You’re right (if I’m hearing you rightly). This kind of dichotomous thinking absolutely grieves God. A casual read through James will show how off Calvin and Luther (and co.) might actually be. The choice can’t be between doctrine or deeds. Being passionate about either ought to make us better at the other. Example: When we really care about Children-at-Risk, the power of micro-finance organizations, etc., we’ll be drawn to doctrine. Complementarily, when we find ourselves enjoying the study of doctrine, we’ll feel the need to do something about it (assuming we’re sensitive to the Spirit and not too arrogant in our theological elitism). A larger point: we can be prideful in our pursuit.

        (not to change the subject, but…) How are you guys these days? I know you’re living down in Hotlanta, but that’s the last I’ve heard. I saw Gauger recently and had a whole series of flashbacks to those MSB days. 10 years ago. Wow.

      • Your summarized points on narratives and Neo-Calvinists are very much true. Right now, Piper, the So. Baptist Pres, and guys like that hold the corner on interpreting the bible from a Calvinistic view. They make the rules. And if you try and argue a different point of view, you’ll most likely loose and they’ll kick you out of the club (anathema anyone?). But over time their influence will wane and they’ll no longer be “on top of the pile.” And once and ideology no longer holds that certain “power” over people, those who still stand by it end up changing their approach. Now this probably won’t happen for awhile and Piper will probably be long gone from this earth but we are moving that direction. I’m not saying Calvinism is dead or anything, I’m just saying its not going to be the only game in town in 50 years. And those who still hold it as absolute truth will be more welcoming to others purely because if they’re not, they may not have any Christian friends.

        For the most part, Piper has always been looked at as a non conformist and always kind of an outsider anyway. And now it’s as if he’s the “old guard.” (Remember when Apple was the underdog?), and not the cool – hip – indie – pastor in MN that we’ve always viewed him to be.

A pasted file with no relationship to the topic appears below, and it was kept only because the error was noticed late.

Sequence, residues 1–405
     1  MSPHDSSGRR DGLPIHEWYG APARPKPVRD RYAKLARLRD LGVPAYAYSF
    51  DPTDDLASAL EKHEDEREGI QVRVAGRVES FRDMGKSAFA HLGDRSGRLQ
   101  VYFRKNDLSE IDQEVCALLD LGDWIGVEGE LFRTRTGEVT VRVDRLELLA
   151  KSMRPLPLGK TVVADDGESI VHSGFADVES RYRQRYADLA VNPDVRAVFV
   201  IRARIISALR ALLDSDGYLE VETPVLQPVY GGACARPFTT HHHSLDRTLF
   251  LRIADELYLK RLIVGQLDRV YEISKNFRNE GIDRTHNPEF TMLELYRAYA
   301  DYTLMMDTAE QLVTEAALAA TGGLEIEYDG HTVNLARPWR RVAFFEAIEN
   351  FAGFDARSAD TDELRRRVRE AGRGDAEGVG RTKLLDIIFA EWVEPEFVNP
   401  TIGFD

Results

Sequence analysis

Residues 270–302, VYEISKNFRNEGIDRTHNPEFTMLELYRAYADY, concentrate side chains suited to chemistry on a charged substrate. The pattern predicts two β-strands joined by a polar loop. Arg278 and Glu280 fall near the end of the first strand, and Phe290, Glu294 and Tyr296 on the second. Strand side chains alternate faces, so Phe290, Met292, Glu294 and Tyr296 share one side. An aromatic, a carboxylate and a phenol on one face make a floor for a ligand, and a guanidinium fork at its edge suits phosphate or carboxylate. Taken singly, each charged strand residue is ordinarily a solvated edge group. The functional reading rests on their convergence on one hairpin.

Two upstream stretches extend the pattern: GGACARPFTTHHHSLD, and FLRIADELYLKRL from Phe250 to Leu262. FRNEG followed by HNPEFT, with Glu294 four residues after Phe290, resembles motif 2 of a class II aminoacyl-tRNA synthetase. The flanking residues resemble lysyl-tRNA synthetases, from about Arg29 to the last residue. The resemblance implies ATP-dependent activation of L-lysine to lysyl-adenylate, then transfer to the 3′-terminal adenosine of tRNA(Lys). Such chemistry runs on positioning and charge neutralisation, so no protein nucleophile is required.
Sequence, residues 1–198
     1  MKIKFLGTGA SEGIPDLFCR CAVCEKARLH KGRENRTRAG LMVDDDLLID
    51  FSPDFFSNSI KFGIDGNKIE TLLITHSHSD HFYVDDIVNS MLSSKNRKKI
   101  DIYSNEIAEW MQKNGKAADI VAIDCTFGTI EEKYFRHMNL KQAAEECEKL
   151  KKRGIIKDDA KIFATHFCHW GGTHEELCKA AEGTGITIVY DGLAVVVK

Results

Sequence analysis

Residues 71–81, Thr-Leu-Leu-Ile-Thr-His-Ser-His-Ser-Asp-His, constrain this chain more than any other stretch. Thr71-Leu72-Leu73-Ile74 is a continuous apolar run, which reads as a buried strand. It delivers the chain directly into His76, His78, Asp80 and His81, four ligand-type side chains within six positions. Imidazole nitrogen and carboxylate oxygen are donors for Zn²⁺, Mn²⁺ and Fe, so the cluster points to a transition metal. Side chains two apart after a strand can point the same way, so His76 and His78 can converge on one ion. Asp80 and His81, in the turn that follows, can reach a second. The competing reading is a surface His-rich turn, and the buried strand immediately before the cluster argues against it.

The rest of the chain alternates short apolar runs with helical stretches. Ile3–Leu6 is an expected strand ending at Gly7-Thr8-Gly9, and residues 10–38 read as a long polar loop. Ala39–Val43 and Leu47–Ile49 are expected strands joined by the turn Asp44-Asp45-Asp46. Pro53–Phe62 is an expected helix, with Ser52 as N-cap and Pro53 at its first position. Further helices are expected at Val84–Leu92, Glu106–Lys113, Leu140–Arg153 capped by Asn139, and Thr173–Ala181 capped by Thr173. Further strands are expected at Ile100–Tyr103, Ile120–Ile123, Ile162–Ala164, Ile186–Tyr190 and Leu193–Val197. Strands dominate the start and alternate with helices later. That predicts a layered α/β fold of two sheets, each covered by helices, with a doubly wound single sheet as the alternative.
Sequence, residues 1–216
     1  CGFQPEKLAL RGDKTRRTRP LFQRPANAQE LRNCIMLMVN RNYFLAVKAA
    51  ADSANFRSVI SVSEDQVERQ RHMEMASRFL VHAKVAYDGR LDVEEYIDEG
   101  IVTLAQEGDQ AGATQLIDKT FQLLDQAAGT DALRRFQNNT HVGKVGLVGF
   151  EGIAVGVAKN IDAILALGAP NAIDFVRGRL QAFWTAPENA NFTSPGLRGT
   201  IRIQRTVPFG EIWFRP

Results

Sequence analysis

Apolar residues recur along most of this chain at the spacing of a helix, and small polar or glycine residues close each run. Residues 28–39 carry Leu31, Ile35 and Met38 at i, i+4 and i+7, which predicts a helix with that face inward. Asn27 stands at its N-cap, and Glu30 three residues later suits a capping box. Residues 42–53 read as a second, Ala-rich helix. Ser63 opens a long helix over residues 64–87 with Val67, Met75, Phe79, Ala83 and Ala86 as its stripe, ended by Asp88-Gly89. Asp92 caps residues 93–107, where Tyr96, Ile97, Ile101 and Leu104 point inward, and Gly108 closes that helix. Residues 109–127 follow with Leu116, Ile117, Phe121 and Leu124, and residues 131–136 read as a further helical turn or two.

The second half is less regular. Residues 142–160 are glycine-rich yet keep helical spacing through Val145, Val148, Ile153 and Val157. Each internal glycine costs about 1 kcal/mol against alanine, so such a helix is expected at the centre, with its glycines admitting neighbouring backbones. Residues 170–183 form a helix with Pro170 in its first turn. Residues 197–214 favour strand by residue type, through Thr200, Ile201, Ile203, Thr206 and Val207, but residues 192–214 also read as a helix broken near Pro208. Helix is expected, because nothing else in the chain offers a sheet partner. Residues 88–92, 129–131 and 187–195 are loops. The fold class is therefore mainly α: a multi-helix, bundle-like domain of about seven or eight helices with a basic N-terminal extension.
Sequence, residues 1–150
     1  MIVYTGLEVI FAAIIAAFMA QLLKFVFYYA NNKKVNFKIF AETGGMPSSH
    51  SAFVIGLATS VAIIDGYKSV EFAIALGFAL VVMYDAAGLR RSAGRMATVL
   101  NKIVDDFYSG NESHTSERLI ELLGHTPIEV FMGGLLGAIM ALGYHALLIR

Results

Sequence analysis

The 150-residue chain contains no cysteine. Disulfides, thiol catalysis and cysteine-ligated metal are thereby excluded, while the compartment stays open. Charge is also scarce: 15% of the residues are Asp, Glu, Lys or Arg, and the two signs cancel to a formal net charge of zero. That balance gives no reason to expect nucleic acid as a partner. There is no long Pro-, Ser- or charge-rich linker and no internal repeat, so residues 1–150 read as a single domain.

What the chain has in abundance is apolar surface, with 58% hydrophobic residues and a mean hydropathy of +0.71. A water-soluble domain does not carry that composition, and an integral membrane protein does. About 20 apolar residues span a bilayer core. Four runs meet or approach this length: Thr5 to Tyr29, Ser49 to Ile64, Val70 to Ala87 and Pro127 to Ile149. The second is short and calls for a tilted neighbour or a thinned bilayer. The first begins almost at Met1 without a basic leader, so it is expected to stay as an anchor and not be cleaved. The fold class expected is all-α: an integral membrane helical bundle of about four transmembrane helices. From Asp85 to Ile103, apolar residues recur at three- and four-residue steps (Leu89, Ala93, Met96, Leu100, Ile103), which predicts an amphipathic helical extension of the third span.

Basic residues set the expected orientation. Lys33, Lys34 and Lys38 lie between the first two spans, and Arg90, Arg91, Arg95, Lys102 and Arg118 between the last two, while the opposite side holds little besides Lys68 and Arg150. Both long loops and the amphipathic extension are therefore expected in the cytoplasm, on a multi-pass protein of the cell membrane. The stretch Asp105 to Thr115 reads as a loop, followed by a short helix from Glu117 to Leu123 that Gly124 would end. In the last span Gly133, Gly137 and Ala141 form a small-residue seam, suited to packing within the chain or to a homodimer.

In other news, yeah, Atlanta. We’ve been down here since 2004. Noah is 2 and we have a baby girl due on 7.5. I work as a Technical Recruiter, and Heather taught music in the public school system until she had Noah, then she started her own flower business. Since my family lives in Chicago, we go back once or twice a year, but I don’t get to see Gauger ever cuz it’s usually over a holiday or during the summer. I am still best friends with Billy Murphy and Chican To (did you know him) and talk to those guys a couple of times a week.

  2. Right in in regards to questions. Scripture gives us permission to ask of God, to be curious, to be concerned, to feel left alone. It gives us freedom to wonder and ask why. Yet it seems to me that every time we read the questions that individuals raise throughout Scripture, they are doing so because they are SEEKING AFTER God…they are seeking Him to show up, to heal, to reveal, to calm, to soothe, to whatever. They are asking Him, in His incredible power to be there.

    They are not asking questions about God as if they are the ultimate authority and He needs to prove Himself to them.

    Sure, God is big enough to handle our questions. And He is big enough to BE the answer to our questions. Not to be some side-skirted afterthought that we try to plug in to the way that we would like the system to be.

    Who did the creating? Was it me? No. I’m the creation. Do my kids’ lego blocks look up at her and say, “why did you make me to be a farm? I don’t want to be a farm. In fact, I don’t think that what you made here was right.” No, the legos are the legos. They are what they are. They are the creation. At the mercy of the creation.

    And the beauty of that is that my kid loves when she makes a farm out of legos…how one block, in her toddler mind manages to look like a pig and another block seems to be a cow. She takes the glory in what she created.

    Perhaps I’m getting off track…I just can’t help to think of the seeming arrogance that can be present when we shift into a mode of asking questions of God. Am I looking for the Master to show up in my life? Then I humbly submit to His will. Or am I looking for Him to do what I want Him to? Then I’m a little off base in realizing who is the Creator and who is the creation.

  3. A thought from one simple minded. Why does what one says have to be cloaked evasive different, I can’t even come up w the words to describe it. It seems to me scripture for the most part tells it straight. While there is theology that goes far beyond what I will ever comprehend there seems to be more Concret than abstract.
    So the simple minded answer may be
    I can ask question all I need to but can’t demand answers. Out of submissive humility bowing to a sovereign God I have asked pleeded begged God for an answer. I wanted to know why. Never got a good answer. But my pleading kept me at his feet and learned so much more there no need for the answer.